Also back is Mikell Simpson, who leads Virginia in touchdowns with five. The senior tailback suffered a neck injury Oct. 10 in a 47-7 rout of Indiana. He was held out of the Maryland game before being cleared this week.
The outlook is not as promising for defensive end Matt Conrath, a 6-7, 275-pound sophomore who’s having a sensational season. Conrath severely sprained his right ankle, on a freak play in the final minute of the first half in College Park, and is likely to miss several games.
Conrath started against Georgia Tech last season, and the ‘Hoos could use his experience Saturday against a team averaging 32.4 points.
In junior wide receiver Demaryius Thomas, the Jackets have the ACC’s leader in receiving yards per game (95.9). But Thomas averages fewer than four catches per game. His talents aside, Tech is first and foremost a running team, and its average of 281.6 yards rushing ranks No. 2 nationally.
A year ago in Atlanta, Virginia struggled early with the pace of the Jackets’ attack and surrendered two first-quarter touchdowns. The Cavaliers didn’t panic.
“Coach Groh told us from the start of the game that things probably weren’t going to go the way we wanted them to right off the bat, because it’s an offense they’re used to, and it’s something that we’re not used to seeing at all,” recalled defensive end Nate Collins, who played nose tackle in 2008.
“You play that type of offense once, maybe twice a year, if that. It’s something that we have to practice and prepare for with a scout defense, whereas they’re doing this every day.
“So Coach Groh told everyone just to stay calm. The first couple drives probably weren’t going to go our way, and he was absolutely right. But once we got the hang of it and we saw what was going to happen and everyone made the adjustments, everything just followed together, and we ended up stopping them for the rest of the game.”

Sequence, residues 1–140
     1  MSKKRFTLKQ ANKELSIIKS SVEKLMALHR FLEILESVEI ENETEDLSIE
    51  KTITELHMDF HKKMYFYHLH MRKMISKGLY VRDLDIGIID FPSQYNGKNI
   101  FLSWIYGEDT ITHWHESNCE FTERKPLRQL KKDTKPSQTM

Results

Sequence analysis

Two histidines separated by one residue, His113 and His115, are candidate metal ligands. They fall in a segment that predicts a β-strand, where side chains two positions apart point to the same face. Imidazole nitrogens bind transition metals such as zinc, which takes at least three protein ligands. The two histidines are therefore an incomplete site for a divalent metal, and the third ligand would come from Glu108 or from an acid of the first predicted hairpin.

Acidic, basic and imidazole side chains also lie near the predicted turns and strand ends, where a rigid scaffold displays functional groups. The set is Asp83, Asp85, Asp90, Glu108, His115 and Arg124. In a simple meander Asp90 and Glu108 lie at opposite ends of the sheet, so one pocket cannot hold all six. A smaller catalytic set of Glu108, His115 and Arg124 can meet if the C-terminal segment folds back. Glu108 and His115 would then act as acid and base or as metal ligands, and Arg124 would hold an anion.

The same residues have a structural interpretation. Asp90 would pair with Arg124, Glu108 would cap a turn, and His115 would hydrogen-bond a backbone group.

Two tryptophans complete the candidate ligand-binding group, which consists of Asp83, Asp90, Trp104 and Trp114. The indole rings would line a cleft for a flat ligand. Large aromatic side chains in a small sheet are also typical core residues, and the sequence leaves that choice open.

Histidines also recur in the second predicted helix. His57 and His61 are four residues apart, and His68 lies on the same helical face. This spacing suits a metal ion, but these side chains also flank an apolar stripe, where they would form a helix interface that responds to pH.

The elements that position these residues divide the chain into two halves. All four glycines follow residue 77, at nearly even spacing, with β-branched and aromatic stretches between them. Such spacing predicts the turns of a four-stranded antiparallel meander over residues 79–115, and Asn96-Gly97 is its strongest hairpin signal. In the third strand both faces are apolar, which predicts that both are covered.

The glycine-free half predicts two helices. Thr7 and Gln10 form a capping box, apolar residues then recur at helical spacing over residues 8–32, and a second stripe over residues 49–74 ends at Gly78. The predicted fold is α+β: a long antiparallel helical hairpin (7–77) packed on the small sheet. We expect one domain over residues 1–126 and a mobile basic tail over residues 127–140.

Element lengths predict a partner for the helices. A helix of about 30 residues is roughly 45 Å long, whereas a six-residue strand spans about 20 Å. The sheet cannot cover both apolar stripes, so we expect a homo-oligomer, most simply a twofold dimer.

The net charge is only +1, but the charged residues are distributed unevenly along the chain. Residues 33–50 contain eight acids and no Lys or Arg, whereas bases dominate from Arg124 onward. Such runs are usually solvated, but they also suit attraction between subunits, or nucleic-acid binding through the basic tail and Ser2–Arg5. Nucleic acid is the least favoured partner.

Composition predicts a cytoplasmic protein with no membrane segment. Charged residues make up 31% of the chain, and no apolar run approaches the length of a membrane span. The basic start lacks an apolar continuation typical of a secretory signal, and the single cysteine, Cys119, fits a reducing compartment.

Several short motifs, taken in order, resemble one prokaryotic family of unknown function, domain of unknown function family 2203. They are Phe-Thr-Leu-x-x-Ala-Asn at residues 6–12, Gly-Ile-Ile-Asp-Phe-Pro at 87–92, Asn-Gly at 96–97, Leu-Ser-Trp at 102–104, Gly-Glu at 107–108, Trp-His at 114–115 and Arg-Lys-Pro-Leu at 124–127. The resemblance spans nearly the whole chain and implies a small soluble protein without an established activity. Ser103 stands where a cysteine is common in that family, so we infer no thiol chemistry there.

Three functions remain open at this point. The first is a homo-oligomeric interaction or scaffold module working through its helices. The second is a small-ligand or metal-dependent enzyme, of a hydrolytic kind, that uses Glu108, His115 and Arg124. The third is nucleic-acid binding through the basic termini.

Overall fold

Much is made of the problems Georgia Tech poses for opposing defenses. Collins, the ACC defensive lineman of the week, says that challenge can be overstated.
“It’s just assignment football,” Collins said. “This week is going to be maybe a different set of jobs than you’re probably used to for each position, but if you think about it, the initial part for every person, just doing your job, is actually easier than any other week. Because you just have one specific thing to do.
“Like at D-end, wherever the quarterback goes, you’re keying on him. Don’t worry about anything else. Don’t worry about the pitch man, that’s someone else’s job. And in the middle, it’s just worry about the dive, from A gap to A gap. If you see the running back, you have to tackle him every single time, regardless of if he has the ball or not, because if not, he’s a blocker.”
To Collins, the issue is straightforward.
“If everyone does their job on the defense like they’re supposed to, then this offense won’t work, and we’ll force them to do other things,” he said.
A victory Saturday would put the Cavaliers over .500 for the first time in nearly a year, and they’d move ever closer to bowl-eligibility.
“We’re definitely looking at this game as a huge game as far as where we are as a team and where we can go in the future,” senior offensive tackle Will Barker said.
Outside linebacker Denzel Burrell said: “We’ve experienced some of the lowest of the lows early in the season, and I guess what people can say are some of the highest of highs, as of now. But we have to stay where we are and stay within ourselves. We’re 3-3, nothing to boast about, and we just have to keep working hard.
“We’re feeling good, but we’re feeling like the job isn’t done yet.”